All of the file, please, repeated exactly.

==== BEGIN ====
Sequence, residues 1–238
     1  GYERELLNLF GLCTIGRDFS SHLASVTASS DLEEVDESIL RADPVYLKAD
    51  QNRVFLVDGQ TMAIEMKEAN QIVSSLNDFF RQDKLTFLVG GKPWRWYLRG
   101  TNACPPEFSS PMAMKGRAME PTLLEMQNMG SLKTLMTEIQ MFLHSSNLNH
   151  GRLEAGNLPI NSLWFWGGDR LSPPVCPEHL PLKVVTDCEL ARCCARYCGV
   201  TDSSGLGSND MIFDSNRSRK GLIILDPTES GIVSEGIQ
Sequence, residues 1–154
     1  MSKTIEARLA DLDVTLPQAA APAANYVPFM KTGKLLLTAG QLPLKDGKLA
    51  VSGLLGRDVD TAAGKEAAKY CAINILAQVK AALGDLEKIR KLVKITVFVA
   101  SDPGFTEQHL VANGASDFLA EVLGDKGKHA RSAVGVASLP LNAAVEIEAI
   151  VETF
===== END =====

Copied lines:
Sequence, residues 1–238
     1  GYERELLNLF GLCTIGRDFS SHLASVTASS DLEEVDESIL RADPVYLKAD
    51  QNRVFLVDGQ TMAIEMKEAN QIVSSLNDFF RQDKLTFLVG GKPWRWYLRG
   101  TNACPPEFSS PMAMKGRAME PTLLEMQNMG SLKTLMTEIQ MFLHSSNLNH
   151  GRLEAGNLPI NSLWFWGGDR LSPPVCPEHL PLKVVTDCEL ARCCARYCGV
   201  TDSSGLGSND MIFDSNRSRK GLIILDPTES GIVSEGIQ
Sequence, residues 1–154
     1  MSKTIEARLA DLDVTLPQAA APAANYVPFM KTGKLLLTAG QLPLKDGKLA
    51  VSGLLGRDVD TAAGKEAAKY CAINILAQVK AALGDLEKIR KLVKITVFVA
   101  SDPGFTEQHL VANGASDFLA EVLGDKGKHA RSAVGVASLP LNAAVEIEAI
   151  VETF